In big picture, keeping right frame of mind is key for UM Against ordinary teams, need for focus becomes exceptional

March 16, 2002|By Mike Preston

WASHINGTON - OK, so No. 1-seeded Maryland pounded No. 16 Siena in the opening round of the NCAA tournament last night at MCI Center.

It doesn't sound like a big deal, but it depends on what you're looking for at this point in the season. A year ago, Maryland was struggling in opening-round games against George Mason and Georgia State. A week ago, the Terps were sluggish in a win against Florida State and a semifinal loss to North Carolina State in the Atlantic Coast Conference tournament.

The Terps needed to come out with intensity last night, and resemble a team that was on a mission to win a national championship. In a blowout of Siena, the Terps seemed focused except for some brief defensive lapses.

Maryland did exactly what it should have done against a team that had the only losing record in the tournament. The Terps came, conquered and had control of the game by taking an 11-point lead in the first eight minutes of the game against the Loudonville, N.Y., school with an enrollment of 2,700.

That's what champions do against Cinderella. Kick butt and send her home. Maryland didn't take over the game as early as Duke did against Winthrop, but this was no Kansas against Holy Cross, either.

That should be Maryland's attitude this entire weekend. Come out early, take care of business, try to avoid injuries and get to Syracuse next week for the Sweet 16 and a more formidable opponent.

The indications of a rout came once guard Juan Dixon started rolling. Dixon had 12 points in the first five minutes as Maryland held an 18-15 lead with 15 minutes, 16 seconds left in the first half. The Terps had 12 points off turnovers in the first eight minutes, and had 10-0 and 8-0 runs in the first half, which was good enough for a 52-38 halftime lead.

Dixon ended the half with 20 points, finishing the game with 29. Guard Drew Nicholas and forward Chris Wilcox each had seven at the break. If Maryland fans were looking for a bigger halftime bulge, Terps head coach Gary Williams didn't seem to care, putting in reserves Calvin McCall and Andre Collins before halftime.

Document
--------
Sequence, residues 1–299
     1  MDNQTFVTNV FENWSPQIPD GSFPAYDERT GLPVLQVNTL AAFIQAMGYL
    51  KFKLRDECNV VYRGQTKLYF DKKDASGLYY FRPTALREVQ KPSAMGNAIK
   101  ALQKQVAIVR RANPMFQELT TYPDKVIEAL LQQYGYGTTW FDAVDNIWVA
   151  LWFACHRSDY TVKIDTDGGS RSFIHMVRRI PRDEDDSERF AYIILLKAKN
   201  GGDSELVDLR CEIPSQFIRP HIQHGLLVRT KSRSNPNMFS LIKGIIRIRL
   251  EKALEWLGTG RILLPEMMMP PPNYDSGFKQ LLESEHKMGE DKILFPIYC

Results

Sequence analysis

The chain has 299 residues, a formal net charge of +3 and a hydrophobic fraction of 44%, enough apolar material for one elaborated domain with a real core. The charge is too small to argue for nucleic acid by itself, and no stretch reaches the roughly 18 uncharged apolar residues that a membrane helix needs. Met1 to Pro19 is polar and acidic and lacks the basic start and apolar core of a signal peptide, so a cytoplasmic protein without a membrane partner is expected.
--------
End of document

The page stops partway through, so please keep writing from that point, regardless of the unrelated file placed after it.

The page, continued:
It's understandable why everyone wasn't comfortable. Even though no 16th seed has defeated a No. 1 seed since the tournament expanded in 1985, the Terps have experienced some postseason embarrassments under Williams.

There was the first-round loss to the College of Charleston in 1997; a Sweet 16 setback, 76-63, to St. John's in 1999, and a 105-70 blowout against UCLA in the second round of the 2000 tournament.

Those things make you nervous.

Williams, as usual, has tried to downplay the postseason. Maybe it's because of past postseason failures, or maybe because he wants a cushion if the Terps can't go as deep in the tournament as a year ago.

But he can't get off the hook that easy.

He raised the level of expectations a year ago when Maryland lost to Duke, 95-84, in a Final Four game. Anything less than another Final Four appearance has to be considered a major disappointment.

Maryland has more inside strength and depth with center Lonny Baxter, forwards Chris Wilcox, Tahj Holden and Ryan Randle than any other team in the country. It has an All-American and the conference Player of the Year in Dixon, even though it should have been Duke guard Jason Williams. It has senior leadership in Dixon, Baxter and small forward Byron Mouton, and a point guard named Steve Blake who is playing exceptionally well at a time when it matters the most.

The Terps (29-4) recently finished their best regular season ever and won their first regular-season title in 22 years. They gained their first No. 1 seed ever and are playing in the tournament-friendly East, where no other team has its overall talent.

Only a Final Four appearance would be the appropriate encore.

The Terps have been talking about a national championship since the last day of last season, and the first day of practice this season.

Wisconsin, tomorrow's opponent, definitely will be more difficult than Siena. The Badgers play in the Big Ten. They have won seven of their past eight games.

They have a winning record (19-12).

Wisconsin runs the high post, pick-and-roll offense that has some backdoor cuts, which gives Maryland trouble. The Badgers play much more of a team style than their opponent yesterday, St. John's, which is almost a one-man team with guard Marcus Hatten.

Wisconsin also can hit shots from the outside with guards Devin Harris, Kirk Penney and forward Charlie Wills, who looks a lot like former Ravens quarterback Elvis Grbac. But Maryland should have too much beef inside, and too much scoring from the backcourt.

But it's tournament time, and one loss can end a season and a lot of dreams. This is no time for fooling around, whether you're playing Siena, Wisconsin or Morgan State.

Maybe the Terps seem to have gotten the message.


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